Saturday 15 April 2017


(The latest in a long line of art exhibitions reviewed after they close)

“Ensor was a scenographer, depicting a strange world that was neither tangible nor imaginary, populated by inscrutable beings”
- Curator Luc Tymans

The Sunless Seaside

I first saw the work of the Belgian artist James Ensor in an exhibition devoted to Carnival - 'Carnivalesque' at Brighton Museum, back in 2000. Fittingly enough, for as we'll come onto, Carnival was prevalent in his work, almost always at least implicit. Now any Carnival buff knows the festival to be inextricably connected to it's ostensible opposite - Lent. And so Ensor starts with Lent. Officially that's the wrong way round, for Carnival was supposed to yield to Lent. But then he was a somewhat contrary character, so let's follow his lead.

Take for example 'Afternoon in Ostend' (1881), where figures sit primly at afternoon tea, or the murky oil of 'The Bourgeois Salon' (1880, above). The light at the window is able to strike up some white echoes straight in front of it, but the single figure is determinedly turned away. And the exteriors were little less oppressive. In 'Large View of Ostend (Rooftops of Ostend)' (1884, below) those titular rooftops are crammed into the lower fifth of the canvas, huddled below a tempestuous sky. Not unlike Sickert's Dieppe, there's a sense of unease to Ensor's Ostend, made stronger for never being quite identifiable.

It's not an approach Ensor ever entirely abandons. 'Flowers and Vegetables' (below), dating from 1891, is that rare thing – a still life which virtually leers out at you. The ruddy reds and lurid greens must make for the most feral-looking vegetables in art history, as throbbing with life as any Van Gogh nature scene. Set against that those delicate blue bits of porcelain, it looks like the crusties have taken over the garden suburb. You can uproot nature and even fetch bits of it indoors, but it remains untameable.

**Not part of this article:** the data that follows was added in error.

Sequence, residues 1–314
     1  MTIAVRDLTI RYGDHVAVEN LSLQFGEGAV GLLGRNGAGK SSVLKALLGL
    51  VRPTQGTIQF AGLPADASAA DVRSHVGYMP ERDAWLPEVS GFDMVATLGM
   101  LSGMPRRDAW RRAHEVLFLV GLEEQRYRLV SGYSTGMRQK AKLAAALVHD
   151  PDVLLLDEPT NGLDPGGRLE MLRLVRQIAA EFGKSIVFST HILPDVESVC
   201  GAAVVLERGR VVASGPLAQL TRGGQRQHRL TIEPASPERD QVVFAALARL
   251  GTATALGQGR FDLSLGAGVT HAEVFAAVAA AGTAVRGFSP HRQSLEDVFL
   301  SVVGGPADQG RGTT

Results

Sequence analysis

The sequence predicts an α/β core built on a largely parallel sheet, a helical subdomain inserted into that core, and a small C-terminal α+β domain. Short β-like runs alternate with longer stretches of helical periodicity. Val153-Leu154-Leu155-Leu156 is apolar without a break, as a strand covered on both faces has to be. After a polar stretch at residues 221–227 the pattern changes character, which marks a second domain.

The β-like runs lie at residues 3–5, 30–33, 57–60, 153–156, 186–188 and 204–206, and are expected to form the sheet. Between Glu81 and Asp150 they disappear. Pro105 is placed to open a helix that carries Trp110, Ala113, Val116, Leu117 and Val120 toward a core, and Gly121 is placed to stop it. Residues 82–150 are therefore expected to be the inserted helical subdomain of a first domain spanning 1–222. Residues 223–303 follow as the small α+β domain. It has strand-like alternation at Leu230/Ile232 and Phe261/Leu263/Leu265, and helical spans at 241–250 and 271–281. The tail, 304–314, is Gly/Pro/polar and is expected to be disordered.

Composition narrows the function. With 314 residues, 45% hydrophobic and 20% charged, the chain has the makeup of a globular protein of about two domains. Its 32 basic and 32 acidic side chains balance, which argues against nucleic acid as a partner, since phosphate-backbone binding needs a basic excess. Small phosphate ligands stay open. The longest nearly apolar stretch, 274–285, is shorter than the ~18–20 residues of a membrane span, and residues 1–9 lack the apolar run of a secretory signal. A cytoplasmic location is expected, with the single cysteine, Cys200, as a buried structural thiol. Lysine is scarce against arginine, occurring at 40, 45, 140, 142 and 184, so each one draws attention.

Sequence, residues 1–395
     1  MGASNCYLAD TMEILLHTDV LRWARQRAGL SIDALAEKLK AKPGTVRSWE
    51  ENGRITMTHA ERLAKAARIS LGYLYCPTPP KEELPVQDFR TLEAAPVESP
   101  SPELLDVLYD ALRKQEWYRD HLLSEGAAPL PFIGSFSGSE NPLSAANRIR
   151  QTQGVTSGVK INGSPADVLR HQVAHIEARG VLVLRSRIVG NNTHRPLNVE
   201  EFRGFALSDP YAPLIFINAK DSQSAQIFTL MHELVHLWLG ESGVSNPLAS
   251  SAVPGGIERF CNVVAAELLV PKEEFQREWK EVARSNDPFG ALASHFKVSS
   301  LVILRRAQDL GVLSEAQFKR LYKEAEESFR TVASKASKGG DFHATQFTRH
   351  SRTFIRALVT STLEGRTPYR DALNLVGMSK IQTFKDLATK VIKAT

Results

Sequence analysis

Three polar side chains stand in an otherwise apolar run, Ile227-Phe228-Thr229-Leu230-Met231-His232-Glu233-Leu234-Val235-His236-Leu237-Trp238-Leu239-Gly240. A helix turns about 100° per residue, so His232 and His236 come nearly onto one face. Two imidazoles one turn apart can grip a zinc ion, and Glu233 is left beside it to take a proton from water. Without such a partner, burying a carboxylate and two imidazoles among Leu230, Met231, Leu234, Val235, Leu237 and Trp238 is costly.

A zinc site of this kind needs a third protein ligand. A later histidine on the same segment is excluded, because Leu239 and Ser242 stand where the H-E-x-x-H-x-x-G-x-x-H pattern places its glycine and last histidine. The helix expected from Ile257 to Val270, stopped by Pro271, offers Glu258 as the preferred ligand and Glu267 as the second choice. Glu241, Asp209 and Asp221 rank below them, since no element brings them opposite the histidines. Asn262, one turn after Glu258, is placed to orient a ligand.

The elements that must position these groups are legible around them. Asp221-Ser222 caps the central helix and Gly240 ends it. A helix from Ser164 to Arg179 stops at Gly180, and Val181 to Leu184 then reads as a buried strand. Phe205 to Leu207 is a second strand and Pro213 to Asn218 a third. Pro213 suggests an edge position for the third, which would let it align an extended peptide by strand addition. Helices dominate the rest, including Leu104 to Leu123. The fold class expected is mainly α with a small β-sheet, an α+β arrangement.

But the underlying unease becomes more palpable and more fantastical as Ensor went on. For in a remarkable sea change, almost all of the successive works are devoted to what 'The Bourgeois Salon' shutters out. What is repressed is shown as returning, quite frequently erupting. In 'The Haunted Furniture' (1880), an early example, spirits rise from the sides of a great heavy wardrobe.

Skeletons At Work and Play

'The Skeleton Painter' (1896, above) is one of many images using the skull or full skeleton. The title is most likely some double-edged self-referential joke, the skeleton who painted skeletons. We don't see the figure's hands, so can't ascertain whether this is an animate skeleton or just someone in a skull mask. Skulls and masks are placed around the studio, suggesting either is possible. Though the eyeballed skull atop the easel seems more animate than the figure. It's widely seen as a kind of self-portrait, which would make that easel skull a kind of totem. (He'd also create the etching 'My Portrait as a Skeleton', 1889.)